1.At Last, Some Help for Meth Addiction
A decade ago I traveled on assignment to a Rocky Mountain rehab facility where the rich and famous go to dry out and confront their drug habits.(scientificamerican.com)
2.Topical steroid addiction: Patients call for more support
A woman who lost three stone (19kg) and had hallucinations while using topical steroids has called for more support for people reacting to skin treatments.(bbc.com)
3.For people with gambling addiction, March Madness not all fun and games
This year’s March Madness is highly anticipated after 2020’s NCAA Tournament was canceled due to the onset of the coronavirus pandemic.(radio.com)
4.Addiction activists, some AGs wary of Purdue Pharma bankruptcy plan
Some state attorneys general and opioid addiction activists pushed back Tuesday against a settlement offer from OxyContin maker Purdue Pharma, saying it didn’t include enough money and goes too far in protecting the company and family members who own it from future liability.(ktla.com)
5.How Dawn Farm in Michigan helps people battle addiction
‘The selfish nature of the disease of addiction, it convinces you that it’s your problem and you can fix it’Read More
1.Mother shares story of recovery, fighting addiction during COVID-19
At a time when we’re being told to isolate because of COVID-19, addiction experts say that can be a dangerous message to recovering addicts.(10tv.com)
2.Oregon law to decriminalize all drugs goes into effect, offering addicts rehab instead of prison
A longtime drug and alcohol addict, Gullickson pushes back on the idea that one terrible day on the street leads to an epiphany and a climb back to normalcy. That’s what happens in movies, not real life.(usatoday.com)
3.Secret Addiction Treatment Shoppers Log Hard Sell Tactics At Some Residential Programs
Luxury rooms, help with travel, pressure to enroll and requests for family contact info.(wbur.org)
4.10 Years Sober, Katie Collier Talks Addiction In The Restaurant Industry
The rates of alcohol and drug abuse are higher within the food service industry than in most others.(news.stlpublicradio.org)
5.‘You are stronger than you think’: Nevadans fight drug addiction, relapse during pandemic
Sharlee Smith, 31, began drinking alcohol when she was 18. Before long, she moved on to heavier substances. It wasn’t until her sister died of an overdose that she took her sobriety seriously.(rgj.com)Read More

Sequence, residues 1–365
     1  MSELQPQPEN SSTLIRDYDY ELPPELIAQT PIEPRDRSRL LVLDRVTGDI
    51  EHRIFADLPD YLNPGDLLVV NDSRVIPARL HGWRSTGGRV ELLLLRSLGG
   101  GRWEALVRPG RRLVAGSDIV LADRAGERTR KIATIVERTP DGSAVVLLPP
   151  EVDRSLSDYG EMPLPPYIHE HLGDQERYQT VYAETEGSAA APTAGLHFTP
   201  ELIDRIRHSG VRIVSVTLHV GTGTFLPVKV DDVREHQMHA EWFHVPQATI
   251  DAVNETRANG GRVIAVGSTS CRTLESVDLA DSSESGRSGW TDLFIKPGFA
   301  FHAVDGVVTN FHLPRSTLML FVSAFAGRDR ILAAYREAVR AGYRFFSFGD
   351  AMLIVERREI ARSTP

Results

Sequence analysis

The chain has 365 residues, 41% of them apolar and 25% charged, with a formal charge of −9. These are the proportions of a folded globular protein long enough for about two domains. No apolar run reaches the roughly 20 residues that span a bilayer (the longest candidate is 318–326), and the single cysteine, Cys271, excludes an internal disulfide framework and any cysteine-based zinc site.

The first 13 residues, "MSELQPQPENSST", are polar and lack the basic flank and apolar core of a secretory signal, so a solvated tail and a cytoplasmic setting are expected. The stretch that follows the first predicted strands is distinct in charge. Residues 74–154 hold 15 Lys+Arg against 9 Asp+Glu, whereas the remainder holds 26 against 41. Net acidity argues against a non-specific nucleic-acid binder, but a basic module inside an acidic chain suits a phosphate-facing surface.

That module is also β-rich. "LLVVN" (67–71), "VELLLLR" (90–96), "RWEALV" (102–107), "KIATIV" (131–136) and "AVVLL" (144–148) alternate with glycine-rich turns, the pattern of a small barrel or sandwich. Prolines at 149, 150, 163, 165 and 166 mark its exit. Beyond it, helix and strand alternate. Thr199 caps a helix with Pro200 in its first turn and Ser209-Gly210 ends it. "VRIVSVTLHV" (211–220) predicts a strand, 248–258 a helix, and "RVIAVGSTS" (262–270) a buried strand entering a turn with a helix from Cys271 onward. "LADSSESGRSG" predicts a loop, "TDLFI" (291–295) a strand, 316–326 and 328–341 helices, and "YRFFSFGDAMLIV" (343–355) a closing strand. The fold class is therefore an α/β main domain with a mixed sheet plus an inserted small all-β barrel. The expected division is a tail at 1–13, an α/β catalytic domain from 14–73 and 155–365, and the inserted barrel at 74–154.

Benzodiazepine addiction has grown as the use of these drugs has largely replaced the more dangerous barbiturates. Benzodiazepines are tranquilizers, designed, and developed to treat a variety of conditions and with a range of both toxicity and sedative potential. They are sold under various names, by prescription, to treat anxiety, insomnia, and a host of other similar medical conditions. Taken in therapeutic doses, and even when adhering to the prescribed dose, these drugs can cause addiction. Used as an illegal recreational drug almost guarantees addiction after a short while.
What Is A Benzo
Benzodiazepines are widely prescribed in place of barbiturates because it is almost impossible to lethally overdose with them, while a lethal overdose of barbiturates is very easy and dangerous. However, benzodiazepines are nevertheless addictive and although lethal overdose is not a risk, benzodiazepine addiction most certainly is.
Various benzodiazepines (for example, valium or Xanax) can be administered to treat insomnia, anxiety, tension, and similar conditions. These drugs act on the central nervous system as a sedative and help the patient to calm down and relax. The tranquilizing effect of benzodiazepines can be quite helpful for recovering alcoholics. The drugs decrease the intensity of alcohol detox symptoms, making the process of recovery more tolerable for the patients.
Other benzodiazepines can be prescribed for epilepsy, as they act as anticonvulsants, helping muscles to relax. They also affect kidneys, not allowing them to excrete certain medications too fast, thus helping the medications to stay longer in the body and extending their effect. Benzodiazepines are also used in dentistry and surgery, because they help to prepare patients for various operations, relieving their anxiety and blocking unpleasant sensations from memory.
Of course, benzodiazepines are not just used for medical purposes – they are bought and sold illegally, mostly by teenagers as they are cheap. The youngster’s mix benzodiazepines with alcohol. In such cases, benzodiazepine addiction develops many times faster, and withdrawal symptoms can be far more severe.
Any drug dependence starts with tolerance, and benzodiazepine addiction is no different. The sedative effects of benzodiazepines are the first to go — usual doses cease to produce the desired effect within a month of daily use. The patient then has to increase the dose to keep the initial effects, and psychological benzodiazepine addiction starts to develop. If an individual does not stop taking benzodiazepines psychological addiction will be followed by the physical one. After a month or so of regular benzodiazepine intake, the addiction is full-blown.
Benzo Addiction Symptoms
Withdrawal symptoms become much more severe. They include panic attacks, confusion, insomnia, sweating, tremors and spasms, headaches, involuntary cough, and light oversensitivity. These symptoms may be more or less pronounced, depending on the addict and his unique benzodiazepine experience. The heaviest withdrawal symptoms appear within a week after stopping benzodiazepine intake, but they can continue (even though in a less intense form) for several months and occasionally return.
An overdose of benzodiazepines is unlikely to cause death, but it will speed up benzodiazepine addiction development. Those who deliberately take these drugs in overdoses to feel euphoria usually mix them with alcohol or other drugs, such as barbiturates. Such “cocktails” might lead to coma and even death.